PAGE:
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September 12th School Matters



September 12th, 2023

The Alexander County Board of Education held its regularly scheduled meeting for September on the 12th. Listed below are the reports and actions from the meeting. 

Demographics Report

Taylor Dellinger with the Western Piedmont Council of Governments presented to the board about demographics in the county. The information about population and housing, taken from the 2020 census, is relevant as the board considers the school system budget for 2024-2025. Dellinger pointed out that Alexander County’s population has declined by about two percent since 2010; furthermore, he says the state demographer predicts Alexander County to only grow over the next 20 years by less than a tenth of a percent.  From 2010 to 2020 neighboring Catawba has grown nearly six percent. Dellinger reported that even Catawba’s growth is low compared to historic numbers. The biggest population losses in Alexander County are on the East side of the county bordering Iredell and Northeast bordering Wilkes County. 

Dellinger reported that the number of white and black residents in Alexander County are going down and the Hispanic number of families are going up. The racial comparison is relevant because Hispanic families tend to be younger than other ethnicities. Younger means there are likely to be school-aged children in those families; whereas, there are not as many school-aged members in the black and white families and households.

Dellinger affirmed that the number of school-aged children has dropped dramatically over the past ten years. For example, children ages 15-19 went down by more than 10% and the number of children under the age of five has dropped by 20%. On the topic of age, Dellinger also predicts that with an aging population in Alexander County, there are likely to be more school system retirements in the next few years compared to prior years. 

The census numbers also show new housing in Alexander County over the past ten years has increased by 4.5%. That is a significant drop from the previous decade of 14.6% growth in new housing.

Strategic Plan Update

Associate Superintendent Dr. Betsy Curry updated the board on the district’s three-year Strategic Plan (2023-2025) adopted a year ago. The plan includes goals such as increasing recruitment and retention for staff and improving opportunities to update parents when students are struggling with schoolwork. It also includes academic goals on target scores and what the teachers and staff are to do if students are not meeting expectations. Curry reported that improving attendance is an important goal for all schools.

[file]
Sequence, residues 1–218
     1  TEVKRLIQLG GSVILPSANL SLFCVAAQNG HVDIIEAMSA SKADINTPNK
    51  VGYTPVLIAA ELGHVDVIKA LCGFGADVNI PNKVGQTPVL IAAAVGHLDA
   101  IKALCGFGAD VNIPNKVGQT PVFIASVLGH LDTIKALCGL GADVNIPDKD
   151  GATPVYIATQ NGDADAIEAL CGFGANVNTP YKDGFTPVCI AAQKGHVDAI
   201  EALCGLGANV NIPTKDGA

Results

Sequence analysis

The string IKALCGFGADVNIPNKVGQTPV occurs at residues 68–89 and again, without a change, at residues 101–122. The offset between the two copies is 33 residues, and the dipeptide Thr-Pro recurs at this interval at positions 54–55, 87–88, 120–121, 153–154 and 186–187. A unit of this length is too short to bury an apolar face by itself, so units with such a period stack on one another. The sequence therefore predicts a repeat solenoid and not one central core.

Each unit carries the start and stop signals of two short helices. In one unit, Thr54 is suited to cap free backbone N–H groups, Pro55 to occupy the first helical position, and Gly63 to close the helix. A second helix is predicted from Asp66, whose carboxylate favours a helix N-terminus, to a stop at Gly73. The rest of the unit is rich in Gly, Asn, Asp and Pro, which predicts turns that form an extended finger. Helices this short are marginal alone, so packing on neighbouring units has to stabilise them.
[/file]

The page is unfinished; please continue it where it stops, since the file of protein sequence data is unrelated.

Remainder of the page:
Her report comes on the heels of the state’s release of test scores on September 6th. The state standardized test scores showed AEC with an “A”, ACHS with a “B”, six schools earned “C’s”, and three schools with “D’s”. The Virtual Academy earned an “F” but is no longer in operation due to low enrollment. The school grades are based 80% on the school's proficiency rates and 20% on growth. Curry said that the district is closer than the region and the state with our growth in recovery from the pandemic. 

The Strategic Plan also addresses increasing engagement with the district’s community and business partners. Overall for the Strategic Plan, Curry reported that the goals are all well underway and district staff would continue to monitor progress. 

Transportation Department Report

Transportation Director Jami Trojanowski introduced herself to the board; she began her work with the district on July 17th. She talked about the department's goals including becoming more efficient. Trojanowski shared the names and pictures of staff in her department and their job responsibilities. She told the board that the district just installed a system for bus drivers to log in and log out on the bus for their time instead of having to go inside the building. The department is also updating the county GIS map to make routing faster and better. She also invited the board to come visit her and the staff at the bus garage.

Maintenance Department Report

Maintenance Director Chris Campbell talked about work orders his department has completed. He also showed pictures of the gymnasium floor renovations at EAMS, TES, and WAMS.